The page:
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Thousands Of Fetal Remains, Found After Abortion Provider's Death, Buried In Indiana

A patrol car is stationed outside the home of deceased Ulrich Klopfer in Crete, Ill., on Sept. 19, 2019. Indiana Attorney General Curtis Hill presided over the mass burial Wednesday of the remains of more than 2,400 fetuses found last year at the suburban Chicago home of Klopfer, one of the Midwest's most prolific abortion doctors.
Teresa Crawford

The remains of 2,411 fetuses found in Illinois last year after the death of a former abortion provider have been buried, but authorities say they're no closer to knowing why the doctor had been keeping them.

The remains were buried together in a donated plot on Wednesday afternoon following a graveside service in South Bend, Ind. They were found last year after the death of Dr. Ulrich Klopfer, who had worked as an abortion provider at three clinics in Indiana.

Klopfer was living in Illinois when he died in September at age 79. Soon afterward, officials discovered the remains in his home and vehicle. Officials say they date back to the years from 2000 to 2003.

Indiana's Republican attorney general, Curtis Hill, who has been leading an investigation into the matter, presided over the memorial service.

"While it would have been preferable to return the remains to each city where the procedure took place, that was not possible, due to the degradation of the remains and the unreliability of the records," Hill told onlookers.

Hill noted that an Indiana law passed in 2016 — long after the procedures in question — requires the burial or cremation of fetal remains resulting from an abortion. The law was signed by then-Gov. Mike Pence and upheld by the U.S. Supreme Court last year.

In an interview with NPR, Hill said his office has been combing through "thousands" of records found at Klopfer's home outside Chicago and at three clinics in Indiana. But Hill said that Klopfer's motivation for keeping the remains is still unclear and may never be known.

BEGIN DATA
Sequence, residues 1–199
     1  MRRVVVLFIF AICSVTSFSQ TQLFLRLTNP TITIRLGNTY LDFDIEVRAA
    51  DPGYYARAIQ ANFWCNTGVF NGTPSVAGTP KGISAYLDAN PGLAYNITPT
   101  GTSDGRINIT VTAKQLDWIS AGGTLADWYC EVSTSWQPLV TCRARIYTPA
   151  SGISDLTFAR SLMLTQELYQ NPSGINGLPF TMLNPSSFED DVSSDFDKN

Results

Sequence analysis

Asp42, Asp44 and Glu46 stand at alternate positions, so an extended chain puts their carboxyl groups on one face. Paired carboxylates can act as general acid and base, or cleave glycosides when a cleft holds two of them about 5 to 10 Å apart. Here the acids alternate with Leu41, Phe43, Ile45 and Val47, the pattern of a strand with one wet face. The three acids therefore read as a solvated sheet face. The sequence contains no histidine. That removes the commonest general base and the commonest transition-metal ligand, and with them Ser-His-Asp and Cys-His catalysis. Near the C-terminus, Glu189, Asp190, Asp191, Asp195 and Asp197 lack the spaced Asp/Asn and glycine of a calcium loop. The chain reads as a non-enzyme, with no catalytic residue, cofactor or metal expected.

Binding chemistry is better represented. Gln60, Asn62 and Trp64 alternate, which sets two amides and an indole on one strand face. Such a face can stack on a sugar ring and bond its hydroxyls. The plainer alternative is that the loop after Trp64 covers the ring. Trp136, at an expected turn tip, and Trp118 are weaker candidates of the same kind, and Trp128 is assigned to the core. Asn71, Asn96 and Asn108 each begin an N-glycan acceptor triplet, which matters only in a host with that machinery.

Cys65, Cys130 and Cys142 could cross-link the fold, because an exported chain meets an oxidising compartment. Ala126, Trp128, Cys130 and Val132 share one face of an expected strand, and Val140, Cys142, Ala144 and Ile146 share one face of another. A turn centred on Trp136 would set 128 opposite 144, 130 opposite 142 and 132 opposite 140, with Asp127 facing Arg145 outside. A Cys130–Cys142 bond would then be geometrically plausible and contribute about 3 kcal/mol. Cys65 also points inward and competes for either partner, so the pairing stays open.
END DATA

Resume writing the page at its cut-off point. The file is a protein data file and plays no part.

The remains themselves — which had been sealed in plastic bags and stored in boxes — had "degraded," and the medical records were in "deplorable" condition, complicating the investigative process, Hill said.

"Lots of the records were spoiled, or destroyed, or wet," he said.

Hill declined to comment on whether he is speaking with former clinic staff members, citing an ongoing investigation.

He said his office has heard from about 180 people through an information hotline for former patients, many of whom were not patients at the time of the procedures.

Hill said he believes Klopfer transported the remains from the clinics in Indiana to his home in Illinois. He said his office is still examining records, but he expressed little hope of finding an explanation for Klopfer's actions.

"In terms of the why ... we may never know," Hill said. "The best evidence of the why certainly died with Dr. Klopfer in September. ... There's no answer for that, and I don't know that we ever will get an answer for that."

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Sarah McCammon worked for Iowa Public Radio as Morning Edition Host from January 2010 until December 2013.
Sarah McCammon
Sarah McCammon is a National Correspondent covering the Mid-Atlantic and Southeast for NPR. Her work focuses on political, social and cultural divides in America, including abortion and reproductive rights, and the intersections of politics and religion. She's also a frequent guest host for NPR news magazines, podcasts and special coverage.
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